Another theological point that is of fundamental importance for Douglas Wilson’s Father Hunger is the creation ordinance of providing and protecting. Wilson states:
The role of a father as a provider and protector is not an arbitrary assignment given to an arbitrarily selected group, regardless of any other consideration. Here is the mandate given to Adam (Gen. 2:15)–God wants men both to work and protect. Work has to do with nurture and cultivation, while protection refers to a man’s duty to be a fortress for his family. We find a working definition of masculinity in the first few pages of the Bible. (18)
“Creation ordinances” are sort of the Christian version of “nature.” But by nature, we don’t mean “just the way things are,” but rather, “the way God programmed things to be.” Continue reading
Nature, Substance, Essence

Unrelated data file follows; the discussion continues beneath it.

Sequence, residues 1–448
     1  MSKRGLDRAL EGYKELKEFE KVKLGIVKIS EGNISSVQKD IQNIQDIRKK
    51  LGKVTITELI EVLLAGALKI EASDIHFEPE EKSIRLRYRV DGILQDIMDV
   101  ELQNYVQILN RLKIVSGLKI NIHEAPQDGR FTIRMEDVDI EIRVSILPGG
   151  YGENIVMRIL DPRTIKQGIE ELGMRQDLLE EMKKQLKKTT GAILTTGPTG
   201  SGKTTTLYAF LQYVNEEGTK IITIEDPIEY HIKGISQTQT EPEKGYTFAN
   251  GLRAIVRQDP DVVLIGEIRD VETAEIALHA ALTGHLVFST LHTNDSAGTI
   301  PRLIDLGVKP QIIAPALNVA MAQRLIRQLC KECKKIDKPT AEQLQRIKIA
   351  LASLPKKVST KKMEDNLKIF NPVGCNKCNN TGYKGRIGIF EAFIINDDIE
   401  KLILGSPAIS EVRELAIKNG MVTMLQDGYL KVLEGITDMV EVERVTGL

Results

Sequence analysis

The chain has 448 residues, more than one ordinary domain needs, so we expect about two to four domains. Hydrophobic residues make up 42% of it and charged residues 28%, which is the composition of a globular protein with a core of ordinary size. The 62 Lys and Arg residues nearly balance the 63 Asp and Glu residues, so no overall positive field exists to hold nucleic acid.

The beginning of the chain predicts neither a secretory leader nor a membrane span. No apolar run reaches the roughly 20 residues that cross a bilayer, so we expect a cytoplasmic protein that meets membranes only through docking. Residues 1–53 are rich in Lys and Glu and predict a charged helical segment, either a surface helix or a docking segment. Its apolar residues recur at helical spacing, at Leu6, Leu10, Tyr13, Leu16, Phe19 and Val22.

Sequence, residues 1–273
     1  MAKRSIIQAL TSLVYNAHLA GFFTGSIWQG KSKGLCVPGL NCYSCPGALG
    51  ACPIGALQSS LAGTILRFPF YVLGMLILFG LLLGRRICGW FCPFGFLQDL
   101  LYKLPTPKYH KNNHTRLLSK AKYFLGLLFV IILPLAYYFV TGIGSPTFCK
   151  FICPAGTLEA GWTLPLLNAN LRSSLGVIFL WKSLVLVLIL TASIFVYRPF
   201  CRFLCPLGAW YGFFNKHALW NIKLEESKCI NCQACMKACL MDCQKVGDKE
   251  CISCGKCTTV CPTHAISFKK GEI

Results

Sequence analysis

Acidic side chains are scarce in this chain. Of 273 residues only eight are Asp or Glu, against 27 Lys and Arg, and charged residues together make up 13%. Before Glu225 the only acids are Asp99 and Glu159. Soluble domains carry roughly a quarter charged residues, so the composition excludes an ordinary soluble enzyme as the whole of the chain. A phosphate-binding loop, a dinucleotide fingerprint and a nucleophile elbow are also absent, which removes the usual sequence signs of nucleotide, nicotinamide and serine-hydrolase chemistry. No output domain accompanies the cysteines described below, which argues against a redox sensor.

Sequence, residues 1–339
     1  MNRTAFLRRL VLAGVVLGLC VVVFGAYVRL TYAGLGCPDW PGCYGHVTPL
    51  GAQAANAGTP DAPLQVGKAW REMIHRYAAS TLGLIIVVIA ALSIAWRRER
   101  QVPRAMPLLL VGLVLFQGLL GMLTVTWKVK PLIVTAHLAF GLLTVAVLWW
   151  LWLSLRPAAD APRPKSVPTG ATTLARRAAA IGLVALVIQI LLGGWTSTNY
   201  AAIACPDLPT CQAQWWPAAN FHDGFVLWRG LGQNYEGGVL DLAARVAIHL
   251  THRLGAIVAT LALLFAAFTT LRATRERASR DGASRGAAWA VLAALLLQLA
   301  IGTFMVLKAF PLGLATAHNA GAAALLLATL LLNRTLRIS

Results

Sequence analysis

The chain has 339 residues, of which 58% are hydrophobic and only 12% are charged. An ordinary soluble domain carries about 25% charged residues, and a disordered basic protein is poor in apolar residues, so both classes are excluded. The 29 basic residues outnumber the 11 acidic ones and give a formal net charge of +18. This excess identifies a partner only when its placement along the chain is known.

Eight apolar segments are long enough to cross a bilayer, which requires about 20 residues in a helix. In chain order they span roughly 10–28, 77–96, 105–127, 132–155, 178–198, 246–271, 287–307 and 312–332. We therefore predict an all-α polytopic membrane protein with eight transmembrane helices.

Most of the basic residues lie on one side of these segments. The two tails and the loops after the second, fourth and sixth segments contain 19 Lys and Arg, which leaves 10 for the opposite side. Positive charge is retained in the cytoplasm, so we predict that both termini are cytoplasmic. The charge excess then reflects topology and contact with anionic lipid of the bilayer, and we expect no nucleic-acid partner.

The terms “nature,” “substance,” and “essence” all signify the same thing when speaking of the being of God in Trinitarian nomenclature. We’ve previously mentioned the occasional confusion of “substance” and “person” (because of the meaning of hypostasis), and there is similar confusion in the possibility of distinguishing between “substance” and “essence,” however, the terms were eventually worked out into a consistent fashion. Though “substance” and “essence” could mean different things when speaking of the creation, they meant the same when speaking of God. Each word signified the single divine being.
Like we saw with “person,” the actual definition of these terms is quite bare. Esse means “the act of existing.” Essentia means “the whatness of a being.” Natura also means essentia or quidditas: “the character of something.” Substantia could have the connotation of material “stuff,” but in Trinitarian nomenclature it was always identified with the essence and thus spiritual, invisible, simple, and infinite. Continue reading